Both of these nations love wrapped and rolled food, so are Japanese and Korean Foods interchangeable? Is there a difference between them?
The Short Answer:
No, Japanese and Korean foods are wildly different from one another.
The Long Answer:
These two neighboring nations are very different from one another, and that extends into the realm of food. If you walk into a Japanese restaurant, you’re going to have a far different culinary experience than if you were to enter a Korean establishment. Both of these great nations have wonderful food, and various traditions that go along with their dining experience, but they are very much not alike.
I can see where the confusion comes from. Both of these countries prefer wrapped or rolled foods and enjoy rice with their meals, but that’s where the similarities end.
Korean food is very meat based with a strong emphasis on spice. Charcoal grills are used for many of their famous barbeque dishes. Short ribs, bacon, and sliced steak are some of the traditional meals you might find in a Korean restaurant. There are a number of various sauces that pair well with these meats. On top of regular pork and beef, Korean chefs make great use of some of the lesser used parts of an animal in the Western World. It’s not uncommon to see tripe (the interior lining of a cow’s stomach), intestines, and even tongue served on a Korean menu.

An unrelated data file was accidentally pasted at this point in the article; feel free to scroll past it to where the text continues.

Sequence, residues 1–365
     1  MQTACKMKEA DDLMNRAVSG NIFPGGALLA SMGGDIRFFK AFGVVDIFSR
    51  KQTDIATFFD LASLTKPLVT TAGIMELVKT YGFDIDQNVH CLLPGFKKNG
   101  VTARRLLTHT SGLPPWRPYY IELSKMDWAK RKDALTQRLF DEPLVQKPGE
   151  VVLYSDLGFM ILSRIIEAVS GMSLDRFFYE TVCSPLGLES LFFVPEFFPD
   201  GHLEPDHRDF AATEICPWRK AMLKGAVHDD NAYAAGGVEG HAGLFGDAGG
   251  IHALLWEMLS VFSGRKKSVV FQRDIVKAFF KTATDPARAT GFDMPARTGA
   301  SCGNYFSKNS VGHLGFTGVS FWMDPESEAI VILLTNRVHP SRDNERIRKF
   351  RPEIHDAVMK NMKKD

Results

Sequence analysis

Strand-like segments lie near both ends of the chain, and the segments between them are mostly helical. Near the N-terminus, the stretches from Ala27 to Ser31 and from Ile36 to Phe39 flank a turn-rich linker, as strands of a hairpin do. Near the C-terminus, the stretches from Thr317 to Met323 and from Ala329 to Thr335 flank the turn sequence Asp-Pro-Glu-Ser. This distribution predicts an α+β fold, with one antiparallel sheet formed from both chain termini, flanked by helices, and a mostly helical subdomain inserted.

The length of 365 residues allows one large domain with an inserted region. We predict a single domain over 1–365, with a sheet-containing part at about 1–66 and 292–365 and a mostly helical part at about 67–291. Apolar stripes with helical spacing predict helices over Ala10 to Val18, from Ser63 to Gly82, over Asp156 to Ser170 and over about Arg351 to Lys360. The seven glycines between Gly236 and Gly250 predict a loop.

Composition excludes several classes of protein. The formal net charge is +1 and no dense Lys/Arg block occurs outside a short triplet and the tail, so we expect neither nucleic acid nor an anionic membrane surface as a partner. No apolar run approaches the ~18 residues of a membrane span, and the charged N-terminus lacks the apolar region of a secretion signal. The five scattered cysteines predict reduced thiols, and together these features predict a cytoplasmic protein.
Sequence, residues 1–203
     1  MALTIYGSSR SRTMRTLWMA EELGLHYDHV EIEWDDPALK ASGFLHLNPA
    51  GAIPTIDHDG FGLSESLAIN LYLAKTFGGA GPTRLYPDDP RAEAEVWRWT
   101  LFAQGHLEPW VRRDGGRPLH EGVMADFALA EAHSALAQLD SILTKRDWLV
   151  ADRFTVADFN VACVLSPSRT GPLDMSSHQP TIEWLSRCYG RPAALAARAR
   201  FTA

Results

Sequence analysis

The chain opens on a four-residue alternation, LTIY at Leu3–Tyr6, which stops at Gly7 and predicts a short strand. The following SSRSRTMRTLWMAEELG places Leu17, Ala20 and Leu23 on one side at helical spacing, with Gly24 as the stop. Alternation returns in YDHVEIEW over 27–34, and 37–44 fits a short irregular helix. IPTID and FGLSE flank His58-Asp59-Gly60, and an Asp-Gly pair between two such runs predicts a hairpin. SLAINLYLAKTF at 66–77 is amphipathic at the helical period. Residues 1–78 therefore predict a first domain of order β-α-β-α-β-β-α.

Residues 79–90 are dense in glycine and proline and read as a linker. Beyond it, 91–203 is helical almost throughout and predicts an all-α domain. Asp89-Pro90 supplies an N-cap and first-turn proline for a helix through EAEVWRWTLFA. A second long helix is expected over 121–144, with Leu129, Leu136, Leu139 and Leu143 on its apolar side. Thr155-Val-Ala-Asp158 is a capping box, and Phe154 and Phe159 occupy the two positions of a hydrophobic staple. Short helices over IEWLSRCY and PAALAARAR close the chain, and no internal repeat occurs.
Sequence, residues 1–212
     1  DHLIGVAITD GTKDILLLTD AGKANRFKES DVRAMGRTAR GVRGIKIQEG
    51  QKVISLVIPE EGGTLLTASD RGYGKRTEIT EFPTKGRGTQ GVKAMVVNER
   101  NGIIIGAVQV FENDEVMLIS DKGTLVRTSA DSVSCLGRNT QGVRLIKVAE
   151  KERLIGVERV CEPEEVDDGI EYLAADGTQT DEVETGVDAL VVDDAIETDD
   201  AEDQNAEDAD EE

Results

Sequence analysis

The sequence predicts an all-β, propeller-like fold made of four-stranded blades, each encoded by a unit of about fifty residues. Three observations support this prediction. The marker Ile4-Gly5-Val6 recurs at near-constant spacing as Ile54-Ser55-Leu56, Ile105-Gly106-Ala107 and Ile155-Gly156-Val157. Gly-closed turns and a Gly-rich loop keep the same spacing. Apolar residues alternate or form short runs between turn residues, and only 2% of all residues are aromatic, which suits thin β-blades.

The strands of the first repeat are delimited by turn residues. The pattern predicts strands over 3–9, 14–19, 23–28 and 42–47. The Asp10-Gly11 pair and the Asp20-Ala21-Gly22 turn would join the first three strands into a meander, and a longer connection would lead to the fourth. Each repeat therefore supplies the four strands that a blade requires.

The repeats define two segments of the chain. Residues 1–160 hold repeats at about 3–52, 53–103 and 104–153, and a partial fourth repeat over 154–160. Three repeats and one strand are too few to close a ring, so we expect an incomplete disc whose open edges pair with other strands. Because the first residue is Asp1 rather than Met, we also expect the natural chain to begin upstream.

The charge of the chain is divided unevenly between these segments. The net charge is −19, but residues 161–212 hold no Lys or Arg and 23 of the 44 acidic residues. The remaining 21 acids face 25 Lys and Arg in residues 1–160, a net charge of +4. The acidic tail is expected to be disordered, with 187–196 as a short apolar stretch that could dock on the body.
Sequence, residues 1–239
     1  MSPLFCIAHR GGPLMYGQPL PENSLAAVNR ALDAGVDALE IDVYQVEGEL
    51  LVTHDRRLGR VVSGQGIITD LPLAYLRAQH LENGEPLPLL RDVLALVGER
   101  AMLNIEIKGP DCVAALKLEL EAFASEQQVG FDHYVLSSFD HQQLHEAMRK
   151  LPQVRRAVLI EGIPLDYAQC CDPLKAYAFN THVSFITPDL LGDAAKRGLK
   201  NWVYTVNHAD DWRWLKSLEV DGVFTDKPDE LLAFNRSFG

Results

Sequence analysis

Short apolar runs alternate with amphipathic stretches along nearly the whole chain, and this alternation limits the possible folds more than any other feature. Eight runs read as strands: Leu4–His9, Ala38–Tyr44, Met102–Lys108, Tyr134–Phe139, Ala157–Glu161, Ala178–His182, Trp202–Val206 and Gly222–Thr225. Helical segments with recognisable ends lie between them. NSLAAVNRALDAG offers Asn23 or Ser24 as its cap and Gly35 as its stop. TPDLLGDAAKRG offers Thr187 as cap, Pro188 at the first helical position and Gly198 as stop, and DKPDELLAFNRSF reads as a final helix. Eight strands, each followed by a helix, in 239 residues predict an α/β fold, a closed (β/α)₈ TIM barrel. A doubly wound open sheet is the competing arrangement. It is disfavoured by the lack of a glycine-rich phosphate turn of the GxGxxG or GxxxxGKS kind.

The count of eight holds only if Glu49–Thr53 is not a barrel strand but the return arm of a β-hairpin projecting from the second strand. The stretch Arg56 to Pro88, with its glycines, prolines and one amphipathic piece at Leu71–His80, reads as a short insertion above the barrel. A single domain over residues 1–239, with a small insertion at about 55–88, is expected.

Koreans also enjoy various soups as well as side dishes based around green chili, radishes, garlic, and lettuce rolled meats.
Japanese cuisine is far lighter with less of an emphasis on red meat. Japanese cooking uses a lot of seafood, which is not shocking given how Japan is an island nation. Most Japanese dishes are prepared in a teppan, which is a flat pan used for frying the outside of food while keeping the inside juicy. Raw food is very popular in Japan, particularly raw fish which is most famously served wrapped in seaweed and rice as sushi.
Regardless of your favorite Asian food, it is helpful to know the difference between Japanese food and Korean food so that you will be able to make an informed decision when deciding what you’re in the mood for. It would not do to walk into a Korean restaurant expecting sushi.
What’s your favorite Korean dish? Do you love Japanese food? Sound off in the comments below and let us know!